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Type 2 Diabetes is very much associated with diet and lifestyle.  It occurs as a result of excess Calorie consumption; each time we eat, we release insulin whose job it is to get glucose from our blood stream into our cells (so they can use it for energy).  Overeating (particularly excess sugar) means that our body releases loads of insulin and over time, we start to become unresponsive to it.  If insulin no longer works effectively in our body we are unable to regulate our blood sugar levels properly and we end up with high blood sugar Рthis is diabetes. In the UK, ~ 2.9 million people are affected by diabetes and 90% of these suffer from type 2 (Type 1 is less common and is quite different; as a result of the body not producing insulin at all).

The Mail referred to the original article,¬†published in the Journal of Agricultural and Food Chemistry and revealed that an antioxidant in cocoa can prevent mice from gaining weight and that it also lowered their blood sugar levels, so they concluded dark chocolate could help prevent Type 2 Diabetes. ¬†I have a problem with this and must say these are very premature assumptions that these effects will directly translate to humans and that even then the effect would be significant. ¬†The antioxidant they talked about was a type of flavonoid (see yesterday’s blog) called ‘oligomeric procyanidins’, or PC for short. Apparently, these flavonoids appear to¬†possess the greatest ¬†anti-diabetic properties¬†of all the polyphenols¬†in cocoa but I don’t think this means we¬†should¬†all rush out and¬†fill¬†the¬†cupboards with it……..not just yet!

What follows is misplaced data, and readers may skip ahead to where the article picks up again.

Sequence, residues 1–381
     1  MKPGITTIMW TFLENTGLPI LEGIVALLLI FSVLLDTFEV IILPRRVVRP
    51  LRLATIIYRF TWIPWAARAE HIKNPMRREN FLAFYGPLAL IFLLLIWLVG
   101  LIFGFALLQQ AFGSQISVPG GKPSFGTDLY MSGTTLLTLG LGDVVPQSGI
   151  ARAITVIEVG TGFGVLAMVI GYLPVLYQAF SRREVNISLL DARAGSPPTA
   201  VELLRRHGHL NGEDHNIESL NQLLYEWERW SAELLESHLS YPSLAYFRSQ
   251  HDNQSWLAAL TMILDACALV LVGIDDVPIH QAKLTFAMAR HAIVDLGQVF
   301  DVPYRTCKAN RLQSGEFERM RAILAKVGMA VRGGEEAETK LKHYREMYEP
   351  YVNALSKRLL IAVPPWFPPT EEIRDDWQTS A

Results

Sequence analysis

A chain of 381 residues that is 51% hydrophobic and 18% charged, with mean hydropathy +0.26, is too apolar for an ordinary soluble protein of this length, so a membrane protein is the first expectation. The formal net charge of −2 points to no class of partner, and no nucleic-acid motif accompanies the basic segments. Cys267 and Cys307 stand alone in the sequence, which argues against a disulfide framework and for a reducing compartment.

I think we need to be cautious with these findings, certainly until we hear about further supportive evidence and remember that chocolate is still a food that could contribute to the development of Type 2 Diabetes; no matter what type of chocolate we’re eating, it will cause your blood sugar levels to rise and in light of this it‚Äôs best to limit chocolate consumption to small amounts. We need to bear in mind that¬†any potential benefit can easily¬†outweighed with excessive consumption.

Secondly, the calorific content of chocolate is relatively high and therefore over-consumption of chocolate could lead to weight gain, leading to obesity which also raises the risk of heart disease.  A proven method of reducing your risk of type 2 diabetes is to maintain a healthy weight, and contrary to media reports, a diet rich chocolate is not going to help you with that.

To give you an idea of what I mean, here is the fat and sugar content of the different types of chocolate. ¬†I am not on commission for Green and Blacks, this is just the information I found (on Tesco’s website) –


Green and Blacks 85% DARK  (per 100g)

Calories 630. Carbohydrate 22.2g of which Sugars 13.8g Fat 53.5g


Green and Blacks MILK (per 100g)

Calories 545. Carbohydrate 50.4g of which Sugars 47.9g Fat 32.6g